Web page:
If you use a credit card to donate to a charity, the contribution is deductible in the year when it is charged to your card, not when you pay the bill.

Picking the Right Charity

How do you decide on a charity? Rubinstein says to stick with organizations that are in line with your values and are meaningful to you. "Once you identify which causes are important to you," he adds, "it is important to do due diligence on the charitable recipient. A good place to start is to ask these questions:

  • Does the charity have the proper IRS accreditation (501(c)(3) status, for example) to affirm that the agency recognizes the charity? The tax agency will reject deductions to charities it has not accredited.Does the charity have a record of any lawsuits and investigations?
  • How much of your donation will be spent on the nonprofit group's programs and how much will be eaten up by administrative costs, fundraising activities and salaries?

Create a Legacy

Giving can be a part of your annual financial goals, but what happens after you are gone? So-called legacy giving can extend your charitable aspirations after you die.

"You can accomplish legacy gifting by including charitable bequests as part of your will," says Rubinstein. "You could also establish a trust that will continue to exist after your death, and the trustee that you name would follow the instructions you set that are written into the trust.

"It's a way to leave behind an actual legacy in the form of a gift or even an annuity, long after one's death," Rubinstein adds. "You can even set conditions for the legacy gift, such as giving $100,000 annually, so long as the recipient continues medical research into breast cancer prevention" or whatever activity you want to support.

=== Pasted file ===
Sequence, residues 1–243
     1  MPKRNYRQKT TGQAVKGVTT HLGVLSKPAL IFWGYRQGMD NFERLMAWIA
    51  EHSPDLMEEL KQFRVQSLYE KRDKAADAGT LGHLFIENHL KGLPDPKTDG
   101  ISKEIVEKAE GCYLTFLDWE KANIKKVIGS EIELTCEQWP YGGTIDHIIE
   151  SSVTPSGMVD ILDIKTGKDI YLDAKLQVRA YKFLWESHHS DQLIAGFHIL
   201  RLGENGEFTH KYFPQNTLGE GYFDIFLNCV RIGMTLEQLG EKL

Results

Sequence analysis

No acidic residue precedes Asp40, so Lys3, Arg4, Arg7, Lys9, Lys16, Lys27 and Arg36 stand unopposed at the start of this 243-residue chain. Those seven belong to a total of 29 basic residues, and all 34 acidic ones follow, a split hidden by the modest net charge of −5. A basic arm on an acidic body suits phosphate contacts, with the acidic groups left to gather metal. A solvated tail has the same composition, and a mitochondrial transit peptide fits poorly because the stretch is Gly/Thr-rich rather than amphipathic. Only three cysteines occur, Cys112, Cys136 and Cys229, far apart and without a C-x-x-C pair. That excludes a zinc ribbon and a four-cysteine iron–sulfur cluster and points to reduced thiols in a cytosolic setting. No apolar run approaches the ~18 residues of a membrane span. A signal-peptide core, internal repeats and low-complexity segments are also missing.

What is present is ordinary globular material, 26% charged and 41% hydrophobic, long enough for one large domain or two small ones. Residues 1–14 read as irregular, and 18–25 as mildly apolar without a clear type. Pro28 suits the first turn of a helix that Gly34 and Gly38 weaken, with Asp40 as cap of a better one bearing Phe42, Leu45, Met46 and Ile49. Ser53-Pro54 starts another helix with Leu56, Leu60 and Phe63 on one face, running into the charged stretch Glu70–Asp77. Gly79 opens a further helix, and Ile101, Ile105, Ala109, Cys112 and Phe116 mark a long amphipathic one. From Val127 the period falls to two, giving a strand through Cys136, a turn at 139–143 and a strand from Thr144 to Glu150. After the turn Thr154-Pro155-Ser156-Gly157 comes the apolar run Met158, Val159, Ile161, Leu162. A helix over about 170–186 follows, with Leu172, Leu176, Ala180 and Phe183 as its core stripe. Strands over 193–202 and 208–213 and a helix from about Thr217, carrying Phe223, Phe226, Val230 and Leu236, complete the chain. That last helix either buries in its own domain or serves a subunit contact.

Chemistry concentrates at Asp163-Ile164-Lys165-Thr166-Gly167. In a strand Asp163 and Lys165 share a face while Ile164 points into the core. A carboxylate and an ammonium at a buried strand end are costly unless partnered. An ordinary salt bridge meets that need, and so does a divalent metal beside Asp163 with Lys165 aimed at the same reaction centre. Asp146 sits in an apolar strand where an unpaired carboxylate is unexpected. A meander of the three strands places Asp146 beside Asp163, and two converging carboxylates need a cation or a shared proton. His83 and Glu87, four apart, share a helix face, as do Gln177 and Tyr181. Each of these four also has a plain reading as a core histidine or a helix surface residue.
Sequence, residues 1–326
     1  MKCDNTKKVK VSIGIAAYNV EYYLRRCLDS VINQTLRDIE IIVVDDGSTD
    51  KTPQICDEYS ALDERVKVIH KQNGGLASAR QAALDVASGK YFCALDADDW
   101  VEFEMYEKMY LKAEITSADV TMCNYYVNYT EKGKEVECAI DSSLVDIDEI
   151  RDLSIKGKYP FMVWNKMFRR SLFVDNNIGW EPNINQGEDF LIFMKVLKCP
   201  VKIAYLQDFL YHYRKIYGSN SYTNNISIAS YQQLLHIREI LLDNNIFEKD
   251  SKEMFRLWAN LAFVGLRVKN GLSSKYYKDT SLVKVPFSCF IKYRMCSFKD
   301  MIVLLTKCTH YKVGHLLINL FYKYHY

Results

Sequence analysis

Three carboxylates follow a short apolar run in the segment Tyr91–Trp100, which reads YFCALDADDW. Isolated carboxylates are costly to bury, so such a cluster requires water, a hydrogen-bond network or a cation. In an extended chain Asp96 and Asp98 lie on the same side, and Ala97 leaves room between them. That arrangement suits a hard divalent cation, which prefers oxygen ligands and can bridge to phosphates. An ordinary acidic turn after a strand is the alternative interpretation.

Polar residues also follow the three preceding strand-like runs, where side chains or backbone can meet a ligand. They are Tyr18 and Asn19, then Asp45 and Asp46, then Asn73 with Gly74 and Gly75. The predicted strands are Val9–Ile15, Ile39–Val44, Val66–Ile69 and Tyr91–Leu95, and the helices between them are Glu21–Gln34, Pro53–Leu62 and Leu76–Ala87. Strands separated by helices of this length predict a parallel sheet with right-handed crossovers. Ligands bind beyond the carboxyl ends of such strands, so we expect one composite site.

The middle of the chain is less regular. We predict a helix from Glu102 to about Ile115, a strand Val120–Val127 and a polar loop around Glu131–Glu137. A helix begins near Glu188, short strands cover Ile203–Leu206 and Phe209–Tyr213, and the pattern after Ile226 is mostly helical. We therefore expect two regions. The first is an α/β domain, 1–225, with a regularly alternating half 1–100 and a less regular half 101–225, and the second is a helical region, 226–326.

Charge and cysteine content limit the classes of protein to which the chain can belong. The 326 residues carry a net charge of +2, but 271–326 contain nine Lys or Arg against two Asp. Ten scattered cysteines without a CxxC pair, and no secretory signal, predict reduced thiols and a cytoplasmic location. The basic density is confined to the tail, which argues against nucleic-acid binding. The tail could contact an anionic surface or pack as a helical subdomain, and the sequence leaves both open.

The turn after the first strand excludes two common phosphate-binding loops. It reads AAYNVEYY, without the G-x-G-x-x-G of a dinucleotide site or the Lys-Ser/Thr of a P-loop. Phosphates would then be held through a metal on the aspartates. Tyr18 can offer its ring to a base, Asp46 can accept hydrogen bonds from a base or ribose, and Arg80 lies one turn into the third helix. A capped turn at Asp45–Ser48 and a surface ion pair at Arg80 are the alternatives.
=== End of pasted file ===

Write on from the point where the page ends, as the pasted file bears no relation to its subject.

Keep Accurate Records

It is important to keep accurate records of your gifts to charity. "Proper valuation of the gift is important, especially for non-cash gifts, like artwork or real estate, the value of which can be difficult to determine or can fluctuate," says Rubinstein. "Thus, an appraisal is important. If the IRS challenges the charitable deduction, a proper appraisal from a certified appraiser will back up your position."

You must also keep records of your "tax basis," which is generally the price at which you acquired the property (such as a home or work of art). The value of the gift at the time you donate it is also important. That basis will "carry over" to the recipient of the gift and may have a bearing on the future disposition of the property.

about the attorney

Asher Rubinstein


Asher Rubinstein's practice focuses on domestic and international asset protection, wealth preservation, estate planning, tax planning, tax controversy, offshore tax compliance, and related litigation. Mr. Rubinstein is a recognized expert on offshore entities, foreign banking, and IRS compliance issues. Mr. Rubinstein also represents and advises wine, spirits, food, and restaurant clients.